The Spread – Exploring the Reason for the High Cost of Pharmaceuticals, Part 2

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Welcome back. In Part 1 we considered the spread – the difference between the cost of a product or service and the price charged for that product or service – for the three major suppliers in the pharmaceutical supply chain, manufacturers, wholesalers, and retailers. And we mentioned, in passing, the role of payers who fund the supply chain, insurance, the government and the only group paying for any of this, us.

Intermediaries – facilitators of transactions

Using cost and price to improve your spread requires having the information necessary to discover the little differences, the points of arbitrage you can exploit – ‘knowing the market.’ Information like any asset is distributed unevenly. Differences in our knowledge, information asymmetry, like any difference in the markets can be exploited. The initial information is the manufacturer’s price which propagates downstream. This is the price that wholesalers use to set their spread, which in turn, the retail pharmacies use to set their spread which becomes the cost to the payers. Initially, the manufacturer’s ‘sticker price’ called the wholesaler's acquisition cost (WAC) could be used to calculate downstream spreads for wholesalers and retailers. But because this information was not equally shared, pricing companies entered the market as an intermediary, carrying the pricing information to every wholesaler. The correct term for these lubricators of the market’s wheels is intermediary – they do not sell products but add value selling information. The pricing companies’ spread comes from fees from manufacturer’s publicizing their prices, and fees from the wholesalers receiving that information. This information was useful to everyone. The pricing companies’ spread was absorbed in the manufacturer spread in their initial price, the wholesaler included their costs in their spread to the retailers, and the retailers continue to pass the cost along as the ‘cost of doing business.’ Information intermediaries can differentiate themselves by the quality and timing of their information. Some wholesalers may learn about a price a bit early getting a jump on the market or the prices reported to wholesalers may be lower for some. This knowledge for select audiences influences the number of manufacturers and wholesalers price companies reach, this differentiation of knowledge is what drives intermediaries’ spread.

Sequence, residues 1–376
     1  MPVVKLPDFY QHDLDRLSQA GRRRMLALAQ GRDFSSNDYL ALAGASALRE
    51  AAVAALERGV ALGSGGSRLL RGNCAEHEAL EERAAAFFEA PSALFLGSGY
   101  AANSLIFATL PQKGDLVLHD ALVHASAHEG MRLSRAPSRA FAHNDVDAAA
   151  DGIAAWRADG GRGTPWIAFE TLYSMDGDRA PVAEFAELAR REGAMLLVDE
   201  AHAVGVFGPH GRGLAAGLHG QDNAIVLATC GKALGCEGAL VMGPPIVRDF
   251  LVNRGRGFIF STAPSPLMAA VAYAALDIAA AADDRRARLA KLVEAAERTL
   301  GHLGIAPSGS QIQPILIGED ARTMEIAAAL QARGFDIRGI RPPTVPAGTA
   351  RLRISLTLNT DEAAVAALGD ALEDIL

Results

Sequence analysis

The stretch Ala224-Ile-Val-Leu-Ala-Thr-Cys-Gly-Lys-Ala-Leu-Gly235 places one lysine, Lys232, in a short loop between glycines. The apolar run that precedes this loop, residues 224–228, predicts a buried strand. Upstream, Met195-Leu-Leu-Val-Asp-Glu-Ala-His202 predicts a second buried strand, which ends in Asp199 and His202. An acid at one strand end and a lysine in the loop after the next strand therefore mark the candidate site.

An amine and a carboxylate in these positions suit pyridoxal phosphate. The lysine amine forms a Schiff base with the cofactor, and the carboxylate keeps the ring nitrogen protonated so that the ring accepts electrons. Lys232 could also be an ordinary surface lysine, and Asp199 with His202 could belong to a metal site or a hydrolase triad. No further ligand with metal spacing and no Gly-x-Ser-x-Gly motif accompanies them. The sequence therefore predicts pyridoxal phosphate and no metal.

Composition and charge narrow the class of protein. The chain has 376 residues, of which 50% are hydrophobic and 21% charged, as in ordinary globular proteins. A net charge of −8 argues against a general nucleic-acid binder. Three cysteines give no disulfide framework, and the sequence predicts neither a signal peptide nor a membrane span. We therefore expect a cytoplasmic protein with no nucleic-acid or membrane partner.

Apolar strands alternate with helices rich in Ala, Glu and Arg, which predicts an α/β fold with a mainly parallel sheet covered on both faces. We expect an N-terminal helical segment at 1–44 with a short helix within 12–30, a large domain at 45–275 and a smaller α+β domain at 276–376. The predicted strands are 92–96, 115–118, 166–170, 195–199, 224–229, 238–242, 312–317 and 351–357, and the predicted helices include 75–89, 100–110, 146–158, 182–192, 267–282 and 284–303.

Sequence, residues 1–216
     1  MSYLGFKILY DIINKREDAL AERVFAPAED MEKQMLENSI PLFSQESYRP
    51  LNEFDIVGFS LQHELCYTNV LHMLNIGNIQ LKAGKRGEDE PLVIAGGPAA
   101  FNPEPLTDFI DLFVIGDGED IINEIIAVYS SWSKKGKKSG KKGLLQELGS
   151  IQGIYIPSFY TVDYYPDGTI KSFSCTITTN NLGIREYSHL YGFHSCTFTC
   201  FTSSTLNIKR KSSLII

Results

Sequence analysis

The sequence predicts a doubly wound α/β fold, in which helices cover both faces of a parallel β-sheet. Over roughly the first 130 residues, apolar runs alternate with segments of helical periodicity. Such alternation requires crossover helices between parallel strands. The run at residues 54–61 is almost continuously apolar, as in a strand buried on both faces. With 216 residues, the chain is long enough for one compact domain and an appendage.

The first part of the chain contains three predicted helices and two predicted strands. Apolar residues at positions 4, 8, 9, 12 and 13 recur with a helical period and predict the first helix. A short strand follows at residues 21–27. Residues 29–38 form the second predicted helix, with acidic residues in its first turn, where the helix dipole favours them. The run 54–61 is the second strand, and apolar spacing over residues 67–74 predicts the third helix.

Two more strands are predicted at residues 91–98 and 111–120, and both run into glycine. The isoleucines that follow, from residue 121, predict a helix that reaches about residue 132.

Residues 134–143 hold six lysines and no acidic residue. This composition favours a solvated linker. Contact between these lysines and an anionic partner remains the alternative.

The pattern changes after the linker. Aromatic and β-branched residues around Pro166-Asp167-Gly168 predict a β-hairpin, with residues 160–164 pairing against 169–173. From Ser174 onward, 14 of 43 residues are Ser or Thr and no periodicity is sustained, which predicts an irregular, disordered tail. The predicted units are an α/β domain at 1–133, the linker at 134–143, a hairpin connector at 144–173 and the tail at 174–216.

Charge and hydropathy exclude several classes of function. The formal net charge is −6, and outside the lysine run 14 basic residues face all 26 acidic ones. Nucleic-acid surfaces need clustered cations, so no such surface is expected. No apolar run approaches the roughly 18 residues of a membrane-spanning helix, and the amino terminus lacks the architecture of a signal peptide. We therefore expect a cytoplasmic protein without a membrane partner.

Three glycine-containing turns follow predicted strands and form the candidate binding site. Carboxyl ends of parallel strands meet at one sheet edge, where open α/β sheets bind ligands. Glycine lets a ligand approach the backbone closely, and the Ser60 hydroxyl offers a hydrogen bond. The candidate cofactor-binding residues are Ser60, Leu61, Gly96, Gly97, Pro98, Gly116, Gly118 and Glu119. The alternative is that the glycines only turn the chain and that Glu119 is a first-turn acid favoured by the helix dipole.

Pricing companies arbitrage resulted in retailers seeing increasing, small differences in their market prices. Wholesaler B charged less than wholesaler A for the same pharmaceutical. Knowing and tracking this information is very valuable but again, not a retailer’s core competency. To help them, another information intermediary appeared trading in the information about wholesaler’s prices. These agencies were to become pharmacy benefit managers (PBMs). PBMs looked for the best deal for their clients, the volume purchasers of pharmaceuticals, large pharmacy chains, and insurance companies. PBMs broker deals, bringing buyers and sellers together receiving their piece of the action, their spread. For the bulk purchasers, the cost of the PBM came from the savings PBM information provided in protecting or decreasing their costs. Wholesaler demanded a lower price from the manufacturer because of the increased volume of the market they could now provide recouping their PBM expenses. And manufacturer’s reset their spread by raising sticker prices. Equilibrium regained.